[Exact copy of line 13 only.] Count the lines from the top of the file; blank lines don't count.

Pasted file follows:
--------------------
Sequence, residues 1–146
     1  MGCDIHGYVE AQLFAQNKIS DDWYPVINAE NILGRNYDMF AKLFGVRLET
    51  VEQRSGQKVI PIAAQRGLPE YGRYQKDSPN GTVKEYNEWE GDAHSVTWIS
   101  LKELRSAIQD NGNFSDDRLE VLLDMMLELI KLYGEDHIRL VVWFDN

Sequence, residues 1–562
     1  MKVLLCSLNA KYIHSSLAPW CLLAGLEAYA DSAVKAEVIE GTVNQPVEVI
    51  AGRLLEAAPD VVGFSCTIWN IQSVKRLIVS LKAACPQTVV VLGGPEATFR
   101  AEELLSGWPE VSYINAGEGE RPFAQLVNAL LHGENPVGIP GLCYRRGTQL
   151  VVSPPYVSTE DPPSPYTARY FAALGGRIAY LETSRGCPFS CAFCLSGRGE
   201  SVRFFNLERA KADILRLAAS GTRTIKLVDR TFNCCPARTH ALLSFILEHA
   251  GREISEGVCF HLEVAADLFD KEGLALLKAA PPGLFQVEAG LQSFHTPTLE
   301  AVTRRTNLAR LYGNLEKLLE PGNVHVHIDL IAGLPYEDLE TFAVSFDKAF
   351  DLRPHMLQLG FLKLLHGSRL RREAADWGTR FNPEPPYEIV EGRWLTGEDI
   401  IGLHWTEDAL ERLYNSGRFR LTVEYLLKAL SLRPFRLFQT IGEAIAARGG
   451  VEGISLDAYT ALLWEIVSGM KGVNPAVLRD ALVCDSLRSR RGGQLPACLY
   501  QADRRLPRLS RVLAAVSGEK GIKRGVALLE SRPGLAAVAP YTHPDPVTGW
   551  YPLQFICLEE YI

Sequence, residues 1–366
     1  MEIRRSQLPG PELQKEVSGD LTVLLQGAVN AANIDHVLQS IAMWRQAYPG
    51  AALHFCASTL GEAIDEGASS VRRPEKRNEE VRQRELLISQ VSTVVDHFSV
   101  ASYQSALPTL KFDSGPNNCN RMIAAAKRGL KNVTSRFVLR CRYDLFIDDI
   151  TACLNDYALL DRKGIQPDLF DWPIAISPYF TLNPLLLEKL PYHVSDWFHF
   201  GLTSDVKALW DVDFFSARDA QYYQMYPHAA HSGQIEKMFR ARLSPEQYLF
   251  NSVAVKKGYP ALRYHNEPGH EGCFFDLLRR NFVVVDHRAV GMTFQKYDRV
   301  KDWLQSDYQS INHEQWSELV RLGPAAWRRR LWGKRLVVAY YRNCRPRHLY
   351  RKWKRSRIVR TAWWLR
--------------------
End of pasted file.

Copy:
   351  DLRPHMLQLG FLKLLHGSRL RREAADWGTR FNPEPPYEIV EGRWLTGEDI